Building Connections for Better Care
Local networking groups link providers of mental health, behavioral health
“When I can’t help someone, I want to connect them with someone who can.”
That’s the sentiment driving groups of professionals in communities across northeast Mississippi to come together regularly and get to know each other better.
From Olive Branch to Columbus, representatives of Oxford Treatment Center are actively involved in networking meetings for professionals in mental and behavioral healthcare. While some groups in northeast Mississippi are longstanding, Oxford Treatment Center has helped others start from the ground up.
“Being closely connected to our local communities has always been a priority for us,” said Billy Young, CEO of Oxford Treatment Center. “As part of American Addiction Centers, we have a national leadership role in our field. We welcome patients from across the country to our campus. But our roots will remain right here in north Mississippi.”
In 2014, Young and the center’s fellow co-founder, Tom Fowlkes, MD, initiated a quarterly networking meeting among mental health providers in Oxford and Lafayette County and at the University of Mississippi. That group began to establish its own identity this year, as the Lafayette-Oxford-University (LOU) Mental Health Alliance.
“Coming together as professionals helps us learn about each other’s practices,” said clinical psychologist Danielle Maack, PhD, chair of the LOU Mental Health Alliance. “When we have a client whose needs don’t match our services, we know where to refer them.”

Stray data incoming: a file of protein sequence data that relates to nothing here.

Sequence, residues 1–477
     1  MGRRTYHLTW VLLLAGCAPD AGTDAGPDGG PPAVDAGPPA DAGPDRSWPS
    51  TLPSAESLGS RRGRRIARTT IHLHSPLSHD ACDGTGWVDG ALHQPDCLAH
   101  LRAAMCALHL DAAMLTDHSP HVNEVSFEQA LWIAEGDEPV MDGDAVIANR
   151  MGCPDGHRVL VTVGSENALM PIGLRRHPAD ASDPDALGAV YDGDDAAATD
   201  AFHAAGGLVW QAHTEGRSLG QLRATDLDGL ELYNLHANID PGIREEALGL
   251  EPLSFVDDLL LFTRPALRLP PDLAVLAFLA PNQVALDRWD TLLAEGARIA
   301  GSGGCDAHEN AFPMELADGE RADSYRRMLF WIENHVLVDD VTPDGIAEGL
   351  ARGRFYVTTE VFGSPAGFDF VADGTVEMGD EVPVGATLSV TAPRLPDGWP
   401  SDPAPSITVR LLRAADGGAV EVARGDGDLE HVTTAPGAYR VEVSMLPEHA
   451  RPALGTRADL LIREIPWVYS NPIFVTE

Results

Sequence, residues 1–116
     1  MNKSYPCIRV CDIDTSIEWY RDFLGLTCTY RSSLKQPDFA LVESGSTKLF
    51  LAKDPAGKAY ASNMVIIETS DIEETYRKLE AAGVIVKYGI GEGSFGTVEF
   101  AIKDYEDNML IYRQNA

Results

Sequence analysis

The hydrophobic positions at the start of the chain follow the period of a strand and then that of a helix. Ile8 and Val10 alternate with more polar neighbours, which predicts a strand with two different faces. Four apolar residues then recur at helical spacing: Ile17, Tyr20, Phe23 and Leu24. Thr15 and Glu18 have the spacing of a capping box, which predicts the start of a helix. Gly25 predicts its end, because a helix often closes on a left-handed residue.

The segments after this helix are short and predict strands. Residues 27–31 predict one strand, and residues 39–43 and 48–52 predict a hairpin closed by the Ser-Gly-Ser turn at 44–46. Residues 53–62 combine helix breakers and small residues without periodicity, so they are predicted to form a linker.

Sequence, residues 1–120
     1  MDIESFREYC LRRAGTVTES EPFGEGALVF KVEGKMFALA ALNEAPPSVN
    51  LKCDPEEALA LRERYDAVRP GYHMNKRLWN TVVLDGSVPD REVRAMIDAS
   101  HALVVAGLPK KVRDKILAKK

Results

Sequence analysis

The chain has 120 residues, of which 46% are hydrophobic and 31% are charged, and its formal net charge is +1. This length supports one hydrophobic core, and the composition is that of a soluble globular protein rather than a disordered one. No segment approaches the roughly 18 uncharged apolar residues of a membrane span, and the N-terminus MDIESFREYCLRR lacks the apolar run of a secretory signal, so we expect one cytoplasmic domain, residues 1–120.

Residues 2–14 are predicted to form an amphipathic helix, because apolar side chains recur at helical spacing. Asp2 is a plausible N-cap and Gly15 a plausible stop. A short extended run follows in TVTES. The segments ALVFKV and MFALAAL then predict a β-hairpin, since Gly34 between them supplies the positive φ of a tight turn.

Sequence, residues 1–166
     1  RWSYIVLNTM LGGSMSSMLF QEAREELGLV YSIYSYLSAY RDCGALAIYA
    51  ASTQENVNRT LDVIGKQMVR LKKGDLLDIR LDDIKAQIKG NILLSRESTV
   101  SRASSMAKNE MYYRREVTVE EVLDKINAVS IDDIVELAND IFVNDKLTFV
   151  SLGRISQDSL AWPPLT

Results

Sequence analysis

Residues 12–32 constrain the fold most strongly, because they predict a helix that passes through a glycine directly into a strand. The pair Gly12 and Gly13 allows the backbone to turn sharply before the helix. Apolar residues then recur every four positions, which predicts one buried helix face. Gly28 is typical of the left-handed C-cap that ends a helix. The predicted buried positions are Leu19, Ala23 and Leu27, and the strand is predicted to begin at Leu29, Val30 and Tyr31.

Daniel Jensen, Northeast Mississippi-based treatment consultant for Oxford Treatment Center’s parent company, American Addiction Centers, said networking meetings have helped him get to know providers throughout the region. In addition to quarterly meetings for the LOU Mental Health Alliance, Jensen takes part in the monthly Golden Triangle Networking Breakfast in Columbus and Behavioral Health Networking Meeting hosted by North Mississippi Medical Center.
“It’s been a tremendous benefit to learn about the quality of our behavioral health providers in our region,” he said. “As we take turns sponsoring meetings, we have a chance to listen to others’ presentations and to share our own. It helps all of us learn who does what and how we can complement each other’s services.”
In the past year, AAC has also provided support for a new behavioral health networking group taking shape in Corinth, led by former Oxford Treatment Center Therapist David Carpenter, MS, NCC, LPC.
Most recently, in Olive Branch, AAC Treatment Consultant Angela Quadrani has begun hosting the DeSoto County Behavioral Health Networking Breakfast on the third Thursday of each month. The meeting is held at Oxford Treatment Center’s Olive Branch Outpatient Office.
“We’re excited to see new faces each month,” Quadrani said. “DeSoto County has a wealth of resources in behavioral healthcare, and we are pleased to help fill a need for forming connections for this community.”